Animated Display of Quantitative Information

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  • #1
anorlunda
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I'm sure that many PF members are fans of the seminal book
The Visual Display of Quantitative Information by Edward R. Tufte

But books on dead trees can only show static information. How about quanitative information depicted with the help of audio and/or video? I would like to nominate this video by Timo Bingmann, as my favorite. I invite PF members to post links to their own nominees.




By the way, I want to open this to any type of quantitative information, not just scientific, and not just computer generated. Therefore, GD is our only forum broad enough for that.

Rules:
  1. Credit the source.
  2. Quantitative information, animated by video and/or audio.
 
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Likes Asymptotic, BillTre and berkeman

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  • #2
DaveC426913
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I'm sure that many PF members are fans of the seminal book
The Visual Display of Quantitative Information by Edward R. Tufte
Yep. A place of honour on my bookshelf.

Very cool video.
 
  • #3
Tom.G
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I no longer have the hardware to do it and this dates to circa 1975-76. Back then there were memory-mapped video displays for the S-100 machines (2MHz, 8080 CPU). We would set the Stack to the display memory as a last-resort to debug/trace a program. The other way was to insert Jump-to-self instructions in the code and then single-step from the front panel switches, not a very interesting video.

Occasionally we would put an AM radio tuned between stations next to the computer to collect clues. There was enough EMI emitted that you could even write programs to play a tune on the radio, "This Old Man" was a popular one. (well, I still have the hardware for that one, but not the incentive. :oldbiggrin:)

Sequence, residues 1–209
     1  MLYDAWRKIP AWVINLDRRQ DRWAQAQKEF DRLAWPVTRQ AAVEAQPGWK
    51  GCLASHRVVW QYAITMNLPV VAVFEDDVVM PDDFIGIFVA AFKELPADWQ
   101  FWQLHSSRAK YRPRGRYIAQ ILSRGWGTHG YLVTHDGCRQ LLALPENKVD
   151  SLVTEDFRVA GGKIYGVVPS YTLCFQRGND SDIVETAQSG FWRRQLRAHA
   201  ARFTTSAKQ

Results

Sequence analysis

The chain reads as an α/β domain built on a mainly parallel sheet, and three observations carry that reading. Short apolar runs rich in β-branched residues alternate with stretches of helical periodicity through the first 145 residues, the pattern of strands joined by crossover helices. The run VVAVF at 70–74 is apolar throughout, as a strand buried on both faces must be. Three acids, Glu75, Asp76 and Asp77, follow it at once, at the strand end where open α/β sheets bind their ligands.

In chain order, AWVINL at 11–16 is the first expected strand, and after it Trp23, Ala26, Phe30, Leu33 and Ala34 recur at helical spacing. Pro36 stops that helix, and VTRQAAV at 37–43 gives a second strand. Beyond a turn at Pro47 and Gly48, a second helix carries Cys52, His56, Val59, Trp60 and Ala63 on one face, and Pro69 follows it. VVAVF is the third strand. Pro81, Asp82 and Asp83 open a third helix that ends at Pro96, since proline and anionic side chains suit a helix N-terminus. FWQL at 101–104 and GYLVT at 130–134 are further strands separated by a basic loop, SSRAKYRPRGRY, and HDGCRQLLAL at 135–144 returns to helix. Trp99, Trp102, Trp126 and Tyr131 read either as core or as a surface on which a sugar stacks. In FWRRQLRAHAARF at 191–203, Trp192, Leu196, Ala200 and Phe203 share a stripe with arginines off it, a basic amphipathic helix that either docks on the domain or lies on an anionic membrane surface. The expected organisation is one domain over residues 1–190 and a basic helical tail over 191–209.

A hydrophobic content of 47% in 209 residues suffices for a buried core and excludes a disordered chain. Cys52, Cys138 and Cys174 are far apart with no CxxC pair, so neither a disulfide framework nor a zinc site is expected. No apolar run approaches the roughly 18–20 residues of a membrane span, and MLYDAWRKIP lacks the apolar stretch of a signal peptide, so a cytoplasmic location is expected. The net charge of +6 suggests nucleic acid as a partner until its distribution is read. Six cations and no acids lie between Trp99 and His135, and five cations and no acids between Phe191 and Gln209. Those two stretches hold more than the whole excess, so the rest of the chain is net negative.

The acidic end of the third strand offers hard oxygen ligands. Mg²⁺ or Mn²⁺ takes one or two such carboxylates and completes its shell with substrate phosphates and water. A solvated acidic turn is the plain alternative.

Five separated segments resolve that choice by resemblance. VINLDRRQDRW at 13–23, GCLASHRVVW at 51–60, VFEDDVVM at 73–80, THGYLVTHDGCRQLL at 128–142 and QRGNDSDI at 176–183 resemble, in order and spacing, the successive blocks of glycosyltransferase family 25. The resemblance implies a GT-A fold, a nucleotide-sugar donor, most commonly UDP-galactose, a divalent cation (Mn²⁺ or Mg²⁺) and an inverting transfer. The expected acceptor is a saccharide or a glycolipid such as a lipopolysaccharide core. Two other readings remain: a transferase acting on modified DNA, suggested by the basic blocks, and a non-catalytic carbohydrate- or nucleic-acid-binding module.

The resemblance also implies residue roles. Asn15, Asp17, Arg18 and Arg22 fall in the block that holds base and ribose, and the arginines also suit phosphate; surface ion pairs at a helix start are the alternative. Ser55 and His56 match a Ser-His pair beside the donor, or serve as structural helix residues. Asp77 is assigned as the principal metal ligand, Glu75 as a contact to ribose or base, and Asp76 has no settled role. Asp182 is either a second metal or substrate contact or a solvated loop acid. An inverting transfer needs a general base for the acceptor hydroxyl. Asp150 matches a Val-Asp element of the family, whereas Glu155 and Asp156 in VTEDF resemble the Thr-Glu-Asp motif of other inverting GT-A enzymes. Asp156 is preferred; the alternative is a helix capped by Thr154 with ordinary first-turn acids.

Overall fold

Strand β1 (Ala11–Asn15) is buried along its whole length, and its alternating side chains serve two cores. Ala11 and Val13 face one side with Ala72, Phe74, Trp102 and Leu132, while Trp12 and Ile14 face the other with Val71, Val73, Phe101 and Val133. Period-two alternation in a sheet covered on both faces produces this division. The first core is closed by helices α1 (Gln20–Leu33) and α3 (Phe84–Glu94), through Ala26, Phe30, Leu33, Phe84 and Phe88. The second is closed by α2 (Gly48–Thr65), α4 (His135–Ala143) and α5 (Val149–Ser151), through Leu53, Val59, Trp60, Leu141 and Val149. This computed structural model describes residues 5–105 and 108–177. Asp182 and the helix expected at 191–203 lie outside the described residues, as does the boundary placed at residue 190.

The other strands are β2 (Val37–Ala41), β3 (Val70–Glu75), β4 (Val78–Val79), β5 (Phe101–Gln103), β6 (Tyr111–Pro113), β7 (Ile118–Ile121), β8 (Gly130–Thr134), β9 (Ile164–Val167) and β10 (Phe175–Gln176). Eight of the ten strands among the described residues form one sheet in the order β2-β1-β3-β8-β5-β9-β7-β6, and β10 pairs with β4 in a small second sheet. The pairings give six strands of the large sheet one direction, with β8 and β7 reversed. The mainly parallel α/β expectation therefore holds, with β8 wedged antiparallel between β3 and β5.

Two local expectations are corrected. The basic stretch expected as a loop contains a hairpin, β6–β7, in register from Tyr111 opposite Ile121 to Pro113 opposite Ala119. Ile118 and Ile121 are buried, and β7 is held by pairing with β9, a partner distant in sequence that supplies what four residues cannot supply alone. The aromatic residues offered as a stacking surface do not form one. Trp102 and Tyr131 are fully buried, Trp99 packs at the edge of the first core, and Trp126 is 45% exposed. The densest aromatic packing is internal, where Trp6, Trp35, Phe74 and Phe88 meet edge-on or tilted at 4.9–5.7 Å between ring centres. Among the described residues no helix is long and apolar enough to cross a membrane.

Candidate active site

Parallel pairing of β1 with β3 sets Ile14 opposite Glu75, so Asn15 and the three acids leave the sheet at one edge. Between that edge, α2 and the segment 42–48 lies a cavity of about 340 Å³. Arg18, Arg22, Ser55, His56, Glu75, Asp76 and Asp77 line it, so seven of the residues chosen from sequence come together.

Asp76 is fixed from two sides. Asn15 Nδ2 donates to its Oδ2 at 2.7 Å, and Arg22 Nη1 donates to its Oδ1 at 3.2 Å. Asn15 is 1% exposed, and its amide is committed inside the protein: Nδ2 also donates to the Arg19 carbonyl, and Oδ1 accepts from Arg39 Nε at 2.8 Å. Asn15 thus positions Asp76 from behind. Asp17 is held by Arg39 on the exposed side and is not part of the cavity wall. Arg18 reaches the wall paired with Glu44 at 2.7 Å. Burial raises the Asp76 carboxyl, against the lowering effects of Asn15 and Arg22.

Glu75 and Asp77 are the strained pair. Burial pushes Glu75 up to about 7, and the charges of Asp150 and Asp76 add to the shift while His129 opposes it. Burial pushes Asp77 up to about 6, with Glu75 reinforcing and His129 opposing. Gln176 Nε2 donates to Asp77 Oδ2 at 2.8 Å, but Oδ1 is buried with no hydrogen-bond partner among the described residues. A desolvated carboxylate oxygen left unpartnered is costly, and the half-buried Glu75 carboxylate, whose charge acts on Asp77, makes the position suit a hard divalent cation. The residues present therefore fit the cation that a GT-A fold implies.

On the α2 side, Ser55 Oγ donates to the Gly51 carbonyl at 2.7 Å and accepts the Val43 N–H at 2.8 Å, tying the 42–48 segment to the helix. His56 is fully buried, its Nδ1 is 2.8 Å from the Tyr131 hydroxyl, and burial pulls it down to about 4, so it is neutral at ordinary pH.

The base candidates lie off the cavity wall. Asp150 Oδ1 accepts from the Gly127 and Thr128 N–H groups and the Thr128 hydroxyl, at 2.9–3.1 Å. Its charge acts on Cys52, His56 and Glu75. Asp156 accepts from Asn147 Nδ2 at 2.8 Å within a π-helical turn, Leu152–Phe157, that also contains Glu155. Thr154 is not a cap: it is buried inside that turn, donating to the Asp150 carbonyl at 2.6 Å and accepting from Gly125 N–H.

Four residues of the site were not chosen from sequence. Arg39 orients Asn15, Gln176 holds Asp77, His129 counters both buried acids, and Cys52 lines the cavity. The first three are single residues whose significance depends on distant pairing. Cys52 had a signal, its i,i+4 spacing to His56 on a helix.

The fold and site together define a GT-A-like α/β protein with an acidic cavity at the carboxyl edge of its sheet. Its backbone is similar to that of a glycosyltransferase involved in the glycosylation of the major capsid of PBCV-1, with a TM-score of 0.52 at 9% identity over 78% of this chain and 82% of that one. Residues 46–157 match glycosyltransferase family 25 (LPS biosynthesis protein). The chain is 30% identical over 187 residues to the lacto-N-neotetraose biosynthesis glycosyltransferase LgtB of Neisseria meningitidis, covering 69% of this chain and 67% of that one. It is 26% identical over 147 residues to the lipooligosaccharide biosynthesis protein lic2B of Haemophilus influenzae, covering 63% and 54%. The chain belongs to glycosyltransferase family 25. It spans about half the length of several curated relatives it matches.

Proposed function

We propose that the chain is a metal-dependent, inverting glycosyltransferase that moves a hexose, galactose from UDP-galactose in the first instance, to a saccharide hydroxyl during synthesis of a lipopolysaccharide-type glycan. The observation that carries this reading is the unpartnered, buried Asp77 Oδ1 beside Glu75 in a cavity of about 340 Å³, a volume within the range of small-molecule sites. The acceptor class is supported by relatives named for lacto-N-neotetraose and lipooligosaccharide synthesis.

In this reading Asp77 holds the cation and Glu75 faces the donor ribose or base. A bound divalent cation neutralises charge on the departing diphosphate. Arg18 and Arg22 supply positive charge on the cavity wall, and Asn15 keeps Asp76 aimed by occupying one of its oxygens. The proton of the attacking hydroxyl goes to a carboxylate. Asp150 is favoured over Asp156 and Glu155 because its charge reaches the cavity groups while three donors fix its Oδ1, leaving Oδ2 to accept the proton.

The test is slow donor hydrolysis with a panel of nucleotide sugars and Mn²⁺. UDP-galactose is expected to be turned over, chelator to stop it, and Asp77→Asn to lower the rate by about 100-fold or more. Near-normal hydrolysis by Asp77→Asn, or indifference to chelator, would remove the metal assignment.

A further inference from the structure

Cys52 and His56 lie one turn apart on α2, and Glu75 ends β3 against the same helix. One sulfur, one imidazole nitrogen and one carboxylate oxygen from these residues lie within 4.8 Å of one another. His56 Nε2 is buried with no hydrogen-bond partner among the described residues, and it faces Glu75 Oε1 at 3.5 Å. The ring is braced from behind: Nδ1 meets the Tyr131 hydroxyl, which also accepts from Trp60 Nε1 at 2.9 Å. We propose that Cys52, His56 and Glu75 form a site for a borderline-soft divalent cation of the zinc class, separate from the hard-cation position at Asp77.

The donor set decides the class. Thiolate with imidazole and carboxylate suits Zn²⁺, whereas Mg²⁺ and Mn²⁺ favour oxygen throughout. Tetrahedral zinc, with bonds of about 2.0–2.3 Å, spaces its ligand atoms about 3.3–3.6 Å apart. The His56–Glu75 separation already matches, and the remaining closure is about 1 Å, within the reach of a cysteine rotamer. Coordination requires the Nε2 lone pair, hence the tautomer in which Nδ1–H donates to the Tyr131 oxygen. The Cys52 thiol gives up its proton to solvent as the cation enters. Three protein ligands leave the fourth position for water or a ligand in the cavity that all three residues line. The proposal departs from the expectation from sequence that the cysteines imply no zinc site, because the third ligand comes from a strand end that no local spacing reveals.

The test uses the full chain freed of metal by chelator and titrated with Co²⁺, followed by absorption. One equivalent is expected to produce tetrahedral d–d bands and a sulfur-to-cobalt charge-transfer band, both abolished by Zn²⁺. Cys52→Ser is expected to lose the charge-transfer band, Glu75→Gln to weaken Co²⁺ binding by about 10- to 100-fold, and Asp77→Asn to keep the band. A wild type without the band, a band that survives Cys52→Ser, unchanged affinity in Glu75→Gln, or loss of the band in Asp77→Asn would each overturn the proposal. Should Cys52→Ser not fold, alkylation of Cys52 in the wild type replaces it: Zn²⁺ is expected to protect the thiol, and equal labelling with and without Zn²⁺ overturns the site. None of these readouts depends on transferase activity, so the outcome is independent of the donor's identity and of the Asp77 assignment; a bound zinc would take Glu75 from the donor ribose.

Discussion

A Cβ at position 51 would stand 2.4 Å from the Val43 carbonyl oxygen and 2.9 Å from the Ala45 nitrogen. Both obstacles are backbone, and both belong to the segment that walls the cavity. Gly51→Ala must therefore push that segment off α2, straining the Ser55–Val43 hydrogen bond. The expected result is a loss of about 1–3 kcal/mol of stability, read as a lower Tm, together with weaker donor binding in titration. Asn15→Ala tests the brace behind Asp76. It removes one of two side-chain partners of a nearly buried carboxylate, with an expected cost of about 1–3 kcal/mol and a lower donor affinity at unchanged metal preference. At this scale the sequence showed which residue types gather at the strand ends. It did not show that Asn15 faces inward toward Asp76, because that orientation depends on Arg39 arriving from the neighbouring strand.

• #4
BillTre
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Great idea for a thread.

I liked the music.
It was nicely coordinated with the visuals. Driven by visual (or computational) events?

This NY Times article (How Two Big Earthquakes Triggered 16,000 More in Southern California; By Derek Watkins, July 19, 2019) have a nice bunch of videos showing the location/size of earthquakes, during and after, the recent two big ones.
The earthquakes are shown on a map of the affected area, and there is a larger scale version for the whole state (but without showing the size-to-strength relationship).

If I knew how to copy the moving image (gif's?), I would try to post them.
All I could get is a screenshot, which doesn't show how this pattern develops over time.
Screen Shot 2019-07-20 at 11.59.44 PM.png


I'm going to post about this in the Earth Sciences section for geological type discussions.
 

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